The half-day forum at the White House will focus on the ground-level impacts of the American Rescue Plan and bipartisan infrastructure law in a critical battleground state
Elected leaders from across the commonwealth will convene at the White House this morning for the latest installment in an ongoing series of meetings aimed at “shining a spotlight” on the ground-level impacts of the Biden administration’s post-pandemic recovery efforts.
Mayors from Aliquippa, Beaver County; Allentown, Gettysburg, and Scranton are confirmed attendees at the White House’s “Communities in Action: Building a Better America,” forum series.
Elected county commissioners from all four of Philadelphia’s suburban collar counties and Centre County, as well as state Reps. Danilo Burgos, Jordan Harris, and Malcolm Kenyatta, all Philadelphia Democrats, also are scheduled to attend, according to the White House.
In a brief interview on Wednesday, Julie Chavez Rodriguez, the director of the White House’s Office of Intergovernmental Affairs, told the Capital-Star that the administration had made a deliberate effort to obtain the perspective of leaders outside the state’s largest cities.
“We tried to get a good cross-section of the state and throughout the different regions,” she said. “These are folks that we’ve been working with over the last 19 months as we’ve been implementing the American Rescue Plan and the [Bipartisan] Infrastructure Law.”
The White House has so far held three such fora, with the goal of meeting with leaders of all 50 states, the District of Columbia, and tribal leaders. Labor, higher education and community leaders also are slated to take part in the events, according to the White House.
“It’s an opportunity for the White House to shine a spotlight on the really important work that leaders across Pennsylvania are doing to rebuild the economy and to, as we like to say, build Pennsylvania back better,” Chavez Rodriuguez said.
That effort has extended past the walls of the White House.
For much of the year, President Joe Biden’s Democratic allies on Capitol Hill have held a series of press and public events to tout the home state benefits of the Infrastructure Law, the recently passed Inflation Reduction Act, and other administration initiatives.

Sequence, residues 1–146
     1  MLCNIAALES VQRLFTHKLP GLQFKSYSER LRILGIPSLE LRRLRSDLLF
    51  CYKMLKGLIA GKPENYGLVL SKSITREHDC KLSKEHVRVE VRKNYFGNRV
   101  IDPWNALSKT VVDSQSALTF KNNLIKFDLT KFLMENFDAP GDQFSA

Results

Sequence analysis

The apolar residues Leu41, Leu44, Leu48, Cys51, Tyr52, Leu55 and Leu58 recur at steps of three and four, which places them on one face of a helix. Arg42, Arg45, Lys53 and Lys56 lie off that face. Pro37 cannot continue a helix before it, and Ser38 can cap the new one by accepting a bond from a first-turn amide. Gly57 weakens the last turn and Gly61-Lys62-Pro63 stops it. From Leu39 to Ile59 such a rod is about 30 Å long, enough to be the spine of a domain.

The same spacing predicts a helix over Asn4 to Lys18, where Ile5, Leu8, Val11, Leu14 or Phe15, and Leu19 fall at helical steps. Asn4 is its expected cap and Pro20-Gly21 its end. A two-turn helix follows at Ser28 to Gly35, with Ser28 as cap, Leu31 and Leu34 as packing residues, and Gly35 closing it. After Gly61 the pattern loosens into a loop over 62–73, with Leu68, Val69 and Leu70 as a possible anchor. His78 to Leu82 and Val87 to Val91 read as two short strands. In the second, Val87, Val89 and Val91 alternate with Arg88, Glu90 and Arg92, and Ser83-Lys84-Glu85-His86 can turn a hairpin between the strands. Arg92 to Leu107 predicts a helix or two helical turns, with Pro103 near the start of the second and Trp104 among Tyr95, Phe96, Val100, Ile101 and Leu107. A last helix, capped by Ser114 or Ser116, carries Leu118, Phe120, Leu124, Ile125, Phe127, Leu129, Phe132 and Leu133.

In early August, for instance, U.S. Sen. Bob Casey, D-Pa., joined by Democratic lawmakers and advocates, rallied on the state Capitol steps to tout the prescription drug benefits in the Inflation Reduction Act.
“So many people told us we couldn’t get it done on prescription drug costs for seniors,” Casey said, referring to language in the laboriously negotiated bill allowing Medicare to negotiate the prices of some prescription medication while capping out-of-pocket costs for Medicare Part D beneficiaries to $2,000 a year.
In July, U.S. Rep. Susan Wild, D-7th District, and other prominent Democrats, including Connecticut Gov. Ned Lamont, held a press call to punch up the benefits of hundreds of millions of dollars in small business assistance headed to the states thanks to the American Rescue Plan.
By law, the White House is forbidden from coordinating with outside groups on these events. But the cumulative effect of the messaging campaign — both directly and indirectly — is impossible to overlook.
With Pennsylvania one of a handful of states that will help determine the balance of power on Capitol Hill, and just as importantly, in the fight for control of governor’s mansions, these events seek to put the administration’s record in the best possible light as the clock ticks down to Election Day on Nov. 8
In a telephone interview, Kenyatta told the Capital-Star that he’s hoping to use the forum to both lift up the administration’s achievements to date, but also to discuss the work that has yet to be completed.
The Philadelphia lawmaker pointed to this week’s deadly shooting at Roxborough High School in the city that left a 14-year-old boy dead and four others wounded.
“We need to continue to talk about the work we need to do on gun safety and the progress from the [Bipartisan] Safer Communities Act,” which imposed reforms and provided money to states to help fight gun violence. “It’s critical that we’re talking about something that’s taking place across the commonwealth.”
While the Inflation Reduction Act funnels billions of dollars into fighting climate change, Kenyatta also stressed the need to keep the focus on matters of climate justice since poor, Black, and brown communities bear the undue burden of climate change.
For Democrats, today’s event at the White House, and the events put on by the president’s surrogates miles away from Washington D.C., is an opportunity to remind voters of what’s at stake in the Nov. 8 midterms, Kenyatta offered.
“People need to know what we’ve done and what we can build on,” with the U.S. House and Senate remaining in Democratic hands. That includes, he said, passing the long-sought John Lewis Voting Rights Act.
“There is a very real contrast,” Kenyatta said. “And as much as I care about what gets signed at 1600 Pennsylvania Avenue, I care about its impact at 16th Street and Susquehanna Avenue in my district.”